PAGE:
“Helsinki is growing all the time – not as rapidly as Chinese cities – but by more than one percent a year,” he said. “However, we have not seen an increase in the need for energy for heating over the last 20 years, despite the fact that we’re growing. So, you could say that the improvement we have done in the field of energy efficiency has helped us solve the problem.”
In a very innovative approach, Mayor Vapaavuori launched the Helsinki Energy Challenge in early 2020 to uncover “radically new solutions” to decarbonize the city’s heating system without using biomass. “We offered a one million Euro (about US$1.2 million) prize. Now that may seem like a lot of money, but if someone solves the heating problem for the city of Helsinki, we’re not looking at one million, 10 million or 100 million in savings. It’s several hundred million.”
More than 250 entries were submitted and more than a few interesting ideas were surfaced, the mayor said. “We didn’t get any Nobel Prize-worthy solutions,” he added. “Once again, there are no silver bullets when it comes to sustainability.”
The Solution: Regulation, Awareness and Innovation
Achieving carbon neutrality will take a multidimensional approach, the mayor said, once again underscoring the importance of cooperation between various countries, regions, private and public enterprises, and other segments of society. “Three key factors are regulation, awareness and behavioral change, and technology and innovation. You can’t choose just one of these – you need them all to be successful.”
On the regulatory front, governments at all levels are changing things like codes and passing laws requiring cleaner-running and more energy-efficient buildings, vehicles and plants. On a more universal level, a Carbon Neutral Now initiative is part of the Paris Agreement, a legally binding treaty on climate change.
The Paris Agreement has been adopted by Finland, China, and more than 190 other countries. The goal of the agreement is to limit global warming by slowing the growth of greenhouse gas emissions. In addition, various countries and regions have made carbon neutrality pledges including the European Union and more than 110 other countries (by 2050) and China (by 2060).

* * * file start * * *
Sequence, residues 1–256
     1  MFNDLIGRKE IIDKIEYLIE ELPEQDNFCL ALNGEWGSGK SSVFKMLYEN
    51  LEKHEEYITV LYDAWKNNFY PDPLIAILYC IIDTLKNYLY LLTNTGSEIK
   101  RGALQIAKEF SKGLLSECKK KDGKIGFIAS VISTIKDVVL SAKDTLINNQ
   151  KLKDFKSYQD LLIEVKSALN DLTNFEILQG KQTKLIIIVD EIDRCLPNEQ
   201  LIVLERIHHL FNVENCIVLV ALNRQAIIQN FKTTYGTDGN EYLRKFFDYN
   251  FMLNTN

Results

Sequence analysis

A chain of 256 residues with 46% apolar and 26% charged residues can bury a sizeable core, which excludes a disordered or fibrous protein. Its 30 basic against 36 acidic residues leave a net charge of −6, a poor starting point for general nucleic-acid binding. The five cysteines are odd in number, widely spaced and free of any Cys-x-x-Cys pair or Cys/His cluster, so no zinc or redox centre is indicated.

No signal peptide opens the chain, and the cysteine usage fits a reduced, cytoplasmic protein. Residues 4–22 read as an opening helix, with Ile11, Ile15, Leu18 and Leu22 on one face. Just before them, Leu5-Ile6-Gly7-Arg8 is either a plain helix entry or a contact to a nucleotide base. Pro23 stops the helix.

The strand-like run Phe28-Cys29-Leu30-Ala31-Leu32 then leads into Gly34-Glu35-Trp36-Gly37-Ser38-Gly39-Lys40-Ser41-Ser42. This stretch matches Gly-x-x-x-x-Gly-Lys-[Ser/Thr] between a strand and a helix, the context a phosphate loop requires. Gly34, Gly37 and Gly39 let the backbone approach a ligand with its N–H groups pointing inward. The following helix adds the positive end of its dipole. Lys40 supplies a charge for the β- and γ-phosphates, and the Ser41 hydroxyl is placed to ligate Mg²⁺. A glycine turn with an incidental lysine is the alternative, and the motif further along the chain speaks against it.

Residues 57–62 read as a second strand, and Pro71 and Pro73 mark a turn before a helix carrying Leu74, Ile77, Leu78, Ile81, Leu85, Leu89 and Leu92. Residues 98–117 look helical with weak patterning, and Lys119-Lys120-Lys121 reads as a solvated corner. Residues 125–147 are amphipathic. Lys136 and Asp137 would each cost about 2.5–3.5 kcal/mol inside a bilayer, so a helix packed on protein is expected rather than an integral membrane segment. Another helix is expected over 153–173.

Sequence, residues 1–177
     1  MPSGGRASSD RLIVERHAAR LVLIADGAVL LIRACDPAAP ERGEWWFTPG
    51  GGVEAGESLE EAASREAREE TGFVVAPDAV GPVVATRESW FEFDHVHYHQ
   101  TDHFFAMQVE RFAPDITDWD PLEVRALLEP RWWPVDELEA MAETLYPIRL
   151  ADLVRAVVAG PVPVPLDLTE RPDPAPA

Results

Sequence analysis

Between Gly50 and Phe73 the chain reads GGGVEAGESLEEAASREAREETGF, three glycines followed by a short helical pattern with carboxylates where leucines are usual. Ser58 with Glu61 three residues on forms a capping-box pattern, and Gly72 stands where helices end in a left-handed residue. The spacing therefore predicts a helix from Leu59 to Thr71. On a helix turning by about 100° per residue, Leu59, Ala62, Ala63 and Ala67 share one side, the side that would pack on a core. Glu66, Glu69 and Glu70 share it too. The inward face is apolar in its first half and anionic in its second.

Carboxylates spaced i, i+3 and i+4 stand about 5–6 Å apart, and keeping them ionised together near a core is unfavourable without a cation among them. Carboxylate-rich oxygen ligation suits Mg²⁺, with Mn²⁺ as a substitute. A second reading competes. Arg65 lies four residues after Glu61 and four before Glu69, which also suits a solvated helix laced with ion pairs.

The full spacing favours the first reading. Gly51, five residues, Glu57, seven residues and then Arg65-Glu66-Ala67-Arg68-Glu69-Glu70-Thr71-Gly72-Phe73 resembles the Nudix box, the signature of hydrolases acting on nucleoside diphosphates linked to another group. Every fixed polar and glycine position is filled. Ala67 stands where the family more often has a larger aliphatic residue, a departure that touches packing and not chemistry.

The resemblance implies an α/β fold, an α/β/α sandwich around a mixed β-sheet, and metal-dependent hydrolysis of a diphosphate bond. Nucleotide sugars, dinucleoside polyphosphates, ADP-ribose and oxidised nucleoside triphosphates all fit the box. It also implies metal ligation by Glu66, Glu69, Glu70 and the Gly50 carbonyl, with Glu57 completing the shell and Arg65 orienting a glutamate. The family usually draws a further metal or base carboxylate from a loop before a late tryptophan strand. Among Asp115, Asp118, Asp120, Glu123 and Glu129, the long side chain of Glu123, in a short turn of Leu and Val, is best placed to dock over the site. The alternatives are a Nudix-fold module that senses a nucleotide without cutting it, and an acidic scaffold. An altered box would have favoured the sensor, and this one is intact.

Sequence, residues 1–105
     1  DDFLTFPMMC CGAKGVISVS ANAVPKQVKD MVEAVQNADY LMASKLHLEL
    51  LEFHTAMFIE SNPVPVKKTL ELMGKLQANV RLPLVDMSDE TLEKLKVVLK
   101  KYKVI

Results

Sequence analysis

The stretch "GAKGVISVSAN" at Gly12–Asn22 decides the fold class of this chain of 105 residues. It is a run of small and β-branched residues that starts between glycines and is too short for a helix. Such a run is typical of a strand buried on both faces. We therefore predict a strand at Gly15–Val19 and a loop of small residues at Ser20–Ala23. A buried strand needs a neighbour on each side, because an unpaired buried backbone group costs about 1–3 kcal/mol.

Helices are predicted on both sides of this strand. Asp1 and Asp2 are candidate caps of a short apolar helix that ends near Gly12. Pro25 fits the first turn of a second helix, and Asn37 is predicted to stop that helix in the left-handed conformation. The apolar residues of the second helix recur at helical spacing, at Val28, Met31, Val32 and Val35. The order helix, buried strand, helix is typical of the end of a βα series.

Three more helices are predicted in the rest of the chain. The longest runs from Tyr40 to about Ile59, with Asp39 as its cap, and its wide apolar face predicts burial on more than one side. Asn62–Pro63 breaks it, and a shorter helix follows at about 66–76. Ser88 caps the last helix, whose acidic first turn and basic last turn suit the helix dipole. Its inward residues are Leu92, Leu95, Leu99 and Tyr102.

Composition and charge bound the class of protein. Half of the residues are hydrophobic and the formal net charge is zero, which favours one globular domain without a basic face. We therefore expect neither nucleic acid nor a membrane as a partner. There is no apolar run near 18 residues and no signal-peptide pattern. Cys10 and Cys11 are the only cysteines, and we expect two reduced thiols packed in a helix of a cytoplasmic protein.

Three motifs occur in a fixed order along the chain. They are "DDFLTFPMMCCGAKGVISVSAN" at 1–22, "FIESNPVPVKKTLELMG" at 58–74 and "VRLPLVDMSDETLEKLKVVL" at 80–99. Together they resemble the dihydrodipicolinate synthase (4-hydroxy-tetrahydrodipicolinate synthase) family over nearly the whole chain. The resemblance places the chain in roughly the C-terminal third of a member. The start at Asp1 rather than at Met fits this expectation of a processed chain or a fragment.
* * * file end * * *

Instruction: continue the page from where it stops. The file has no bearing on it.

There is broader awareness than ever before of the effect of human activity on the health and wellbeing of the planet. Mayor Vapaavuori is a strong believer in individual responsibility and points out the willingness of Helsinki residents to modify their lifestyles for the good of their city and the planet.
For their part, companies throughout the world are taking their sustainability obligations to the next level by setting ambitious goals, tracking progress and reporting results to stakeholders. For example, Tencent is accelerating its own sustainability efforts, becoming more transparent both internally and externally, and is applying its unique technological capabilities to address global challenges associated with food, energy and water (FEW).
Look to the Future: Harnessing the Power of AI
The sustainability and carbon neutrality challenge can be both daunting and complicated, said Wallerstein. “Most of the discussions people are having around carbon neutrality focus on the big problem. How do we replace fossil fuels? Do we use solar, wind, nuclear fusion? It’s good to consider all kinds of solutions, but the problem is that most of these require huge capital expenditures, complicated financing, regulatory approvals, etc. It goes on and on.”
Wallerstein believes AI could be used in areas like power generation and energy optimization, among others.
Artificial intelligence (AI) can urgently accelerate the journey toward carbon neutrality by helping people do what they need to do in a smarter way, he pointed out. “It’s important that we don’t overlook the enormous potential of software, AI and cloud computing to drive fast, meaningful and substantial innovations for a fraction of the cost of large capital projects.
“The focus of the world is to shut down coal-fired plants, but it’s going to take a decade or more to shift to new forms of energy. AI can help producers maximize processes, improve output, dramatically reduce waste and shrink our collective environmental footprint.”
As for Helsinki, the happiest city on the planet is well on its way toward carbon neutrality. “If you’re thinking about plotting a course for a better environmental performance, start at the beginning and think about what you really want,” said Mayor Vapaavuori. “You can’t achieve what you do not want to achieve. But if you have the will, you certainly will find the way.”